There are lobbyists who continue to champion conversion therapy today. Many refer to a 2003 study by psychiatrist Dr. Robert Spitzer as proof that conversion therapy works. Spitzer interviewed conversion therapy patients and solely relied on their answers as proof that some people could change their sexual orientation. Critics as well as Spitzer himself, who agreed that the study was flawed and no measurable indicators of orientation change, have since debunked this study. Spitzer later fought to remove homosexuality from the APA’s mental disorder list in 1973.

 

It can be Dangerous

The psychological community has responded nearly unanimously that conversion therapy can be harmful to those it is practiced on. In 2009, the APA reported that conversion therapies give patients high risks of:

  • Depression
  • Guilt
  • Shame
  • Social withdrawal
  • Suicidal tendencies
  • Substance abuse
  • Anxiety
  • Low self-esteem
  • Feelings of anger and hostility
  • Emotional intimacy issues
  • Sexual dysfunction
  • High-risk sexual behavior
  • Loss of faith (religious or otherwise)

Kirk Murphy, who underwent conversion therapy in the early 70s, has been a poster child for the dangers of gay conversion therapy. Murphy was 5 at the time of his treatment and was punished by means of neglect or physical abuse whenever he displayed feminine behavior. Though his story was initially labeled a success by George Rekers, who oversaw Murphy, Kirk began to display distress and suicidal tendencies by age 17, and then took his own life by age 38.

 

I’m Being Sent to a Conversion Program Against my Own Will. What Do I do?

Many who are sent to conversion therapy are under 18 and live under parental ruling. Choosing to act against the word of parents who want their children converted can often mean worsened child-parent relationships, as well as abuse or even being LGBTQ youth being run out of their homes. Unfortunately, there is no easy answer to being sent to conversion therapy.

But, there are still steps you can take to ensure your physical and mental safety. Contact a friend or family member you can trust and let them know about your situation. Let them know you need a place to stay, and that home may no longer be safe or welcoming for you.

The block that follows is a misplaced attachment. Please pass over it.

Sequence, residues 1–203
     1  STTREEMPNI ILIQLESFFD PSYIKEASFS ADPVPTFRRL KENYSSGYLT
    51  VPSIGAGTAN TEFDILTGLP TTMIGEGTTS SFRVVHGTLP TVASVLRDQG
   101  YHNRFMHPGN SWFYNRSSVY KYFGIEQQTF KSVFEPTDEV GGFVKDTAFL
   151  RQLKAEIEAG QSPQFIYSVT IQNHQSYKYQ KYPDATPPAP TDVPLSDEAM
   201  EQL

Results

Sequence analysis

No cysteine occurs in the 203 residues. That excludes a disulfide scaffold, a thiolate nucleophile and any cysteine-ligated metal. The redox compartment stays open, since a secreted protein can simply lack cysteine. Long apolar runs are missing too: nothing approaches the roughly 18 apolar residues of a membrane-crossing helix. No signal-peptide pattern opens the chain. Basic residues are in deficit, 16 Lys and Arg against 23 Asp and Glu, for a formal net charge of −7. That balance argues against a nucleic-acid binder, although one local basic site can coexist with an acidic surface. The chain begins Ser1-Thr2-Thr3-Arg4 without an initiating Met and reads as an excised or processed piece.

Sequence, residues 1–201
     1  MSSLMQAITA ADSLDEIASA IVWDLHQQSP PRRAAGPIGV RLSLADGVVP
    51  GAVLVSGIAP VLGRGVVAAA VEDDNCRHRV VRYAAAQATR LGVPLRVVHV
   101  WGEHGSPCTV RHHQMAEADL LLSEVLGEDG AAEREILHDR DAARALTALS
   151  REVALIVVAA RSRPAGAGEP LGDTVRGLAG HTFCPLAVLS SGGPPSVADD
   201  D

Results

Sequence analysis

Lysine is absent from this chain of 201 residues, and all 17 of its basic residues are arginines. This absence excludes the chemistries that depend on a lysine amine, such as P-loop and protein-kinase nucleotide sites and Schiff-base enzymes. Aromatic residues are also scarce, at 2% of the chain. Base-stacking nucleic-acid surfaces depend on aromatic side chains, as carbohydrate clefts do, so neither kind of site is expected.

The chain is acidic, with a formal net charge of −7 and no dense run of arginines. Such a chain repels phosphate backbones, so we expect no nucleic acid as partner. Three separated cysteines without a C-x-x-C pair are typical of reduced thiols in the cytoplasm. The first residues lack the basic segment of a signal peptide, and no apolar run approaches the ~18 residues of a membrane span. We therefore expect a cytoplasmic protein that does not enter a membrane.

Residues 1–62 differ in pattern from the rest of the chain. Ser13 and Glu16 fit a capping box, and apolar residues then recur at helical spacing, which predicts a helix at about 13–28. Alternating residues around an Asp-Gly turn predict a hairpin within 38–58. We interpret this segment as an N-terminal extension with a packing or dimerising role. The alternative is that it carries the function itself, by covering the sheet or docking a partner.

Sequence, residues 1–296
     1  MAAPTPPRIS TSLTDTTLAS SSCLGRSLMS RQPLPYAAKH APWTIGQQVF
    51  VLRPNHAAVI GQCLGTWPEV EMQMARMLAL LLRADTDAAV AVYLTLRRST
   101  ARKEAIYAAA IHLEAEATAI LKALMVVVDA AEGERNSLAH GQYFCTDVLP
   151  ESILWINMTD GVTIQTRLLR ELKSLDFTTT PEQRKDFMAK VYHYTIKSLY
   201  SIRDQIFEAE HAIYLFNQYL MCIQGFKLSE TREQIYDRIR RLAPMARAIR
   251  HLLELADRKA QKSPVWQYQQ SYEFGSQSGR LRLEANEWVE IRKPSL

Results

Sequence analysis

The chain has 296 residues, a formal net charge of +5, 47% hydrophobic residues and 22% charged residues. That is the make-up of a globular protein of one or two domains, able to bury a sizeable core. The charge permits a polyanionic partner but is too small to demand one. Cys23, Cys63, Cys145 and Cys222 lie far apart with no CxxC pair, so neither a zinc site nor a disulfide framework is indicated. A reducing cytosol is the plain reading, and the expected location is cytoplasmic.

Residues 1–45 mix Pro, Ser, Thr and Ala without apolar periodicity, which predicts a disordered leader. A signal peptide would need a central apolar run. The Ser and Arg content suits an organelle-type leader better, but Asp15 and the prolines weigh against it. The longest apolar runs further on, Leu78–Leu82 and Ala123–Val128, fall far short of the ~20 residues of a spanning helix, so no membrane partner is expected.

Still feel incapable of leaving on your own? Contact the Trevor Project. The Trevor Project is a lifeline dedicated to assisting young people in crisis. The Trevor Project is active in the fight against conversion therapy in the U.S., and they can give you the resources and information you need to protect yourself, whether you’re in the U.S. or not. You can call their lifeline at 1-866-488-7386. Don’t feel safe calling at home? You can text “Trevor” to 1-202-304-1200 to text-chat with a counselor.

 

What are your thoughts on conversion therapy? Do you have anything you’d like to add to the conversation? Let us know what you think by writing in the comments section down below.

 

 

Works Cited

“#BornPerfect: The Facts About Conversion Therapy.” National Center for Lesbian Rights, 6 Dec. 2016, www.nclrights.org/bornperfect-the-facts-about-conversion-therapy/.

Brinton, Sam. “I Was Tortured in Gay Conversion Therapy. And It’s Still Legal in 41 States.” The New York Times, The New York Times, 24 Jan. 2018, www.nytimes.com/2018/01/24/opinion/gay-conversion-therapy-torture.html.

“Home.” Joseph Nicolosi – Reparative Therapy™, www.josephnicolosi.com/.

“NCLR Files Consumer Fraud Lawsuit against Berkeley Therapist for Conversion Therapy.” National Center for Lesbian Rights, 1 Mar. 2018, www.nclrights.org/press-room/press-release/nclr-files-consumer-fraud-lawsuit-against-berkeley-therapist-for-conversion-therapy/.

“New Report Shows About 77,000 Young LGBTQ People Will Be Subjected to Conversion Therapy.” Williams Institute, 2 Feb. 2018, williamsinstitute.law.ucla.edu/williams-in-the-news/new-report-shows-77000-young-lgbtq-people-will-subjected-conversion-therapy/.

Press, Associated. “Chinese Man Wins Forced Gay Conversion Therapy Lawsuit.” The Guardian, Guardian News and Media, 4 July 2017, www.theguardian.com/world/2017/jul/04/chinese-man-wins-forced-gay-conversion-therapy-lawsuit.

“Saving Young LGBTQ Lives.” The Trevor Project, www.thetrevorproject.org/.

Schlanger, Zoë. “The Biggest Jewish Gay ‘Conversion Therapy’ Group Still Operating after US Courts Shut It Down.” Quartz, Quartz, 11 Apr. 2018, qz.com/1250079/jonah-the-biggest-jewish-gay-conversion-therapy-organization-kept-operating-under-a-new-name-after-us-courts-shut-it-down/.

www.livescience.com/25082-gay-conversion-therapy-facts.html.

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Written by Alex Nunez

I'm a content writer here at Psych2Go. I've studied psychology and criminology at the University of Toronto. My goal is to write content that educates, entertains, and inspires you!